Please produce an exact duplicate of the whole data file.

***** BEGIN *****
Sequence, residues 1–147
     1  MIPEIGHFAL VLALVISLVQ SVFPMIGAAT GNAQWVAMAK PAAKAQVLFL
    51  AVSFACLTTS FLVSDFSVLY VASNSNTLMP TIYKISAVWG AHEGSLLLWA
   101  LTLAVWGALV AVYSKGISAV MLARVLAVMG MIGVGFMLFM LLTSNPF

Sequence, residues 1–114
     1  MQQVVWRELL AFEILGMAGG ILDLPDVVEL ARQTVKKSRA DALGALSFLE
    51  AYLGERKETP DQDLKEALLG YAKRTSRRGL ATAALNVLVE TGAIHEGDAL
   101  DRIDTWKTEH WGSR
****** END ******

Sequence, residues 1–147
     1  MIPEIGHFAL VLALVISLVQ SVFPMIGAAT GNAQWVAMAK PAAKAQVLFL
    51  AVSFACLTTS FLVSDFSVLY VASNSNTLMP TIYKISAVWG AHEGSLLLWA
   101  LTLAVWGALV AVYSKGISAV MLARVLAVMG MIGVGFMLFM LLTSNPF

Sequence, residues 1–114
     1  MQQVVWRELL AFEILGMAGG ILDLPDVVEL ARQTVKKSRA DALGALSFLE
    51  AYLGERKETP DQDLKEALLG YAKRTSRRGL ATAALNVLVE TGAIHEGDAL
   101  DRIDTWKTEH WGSR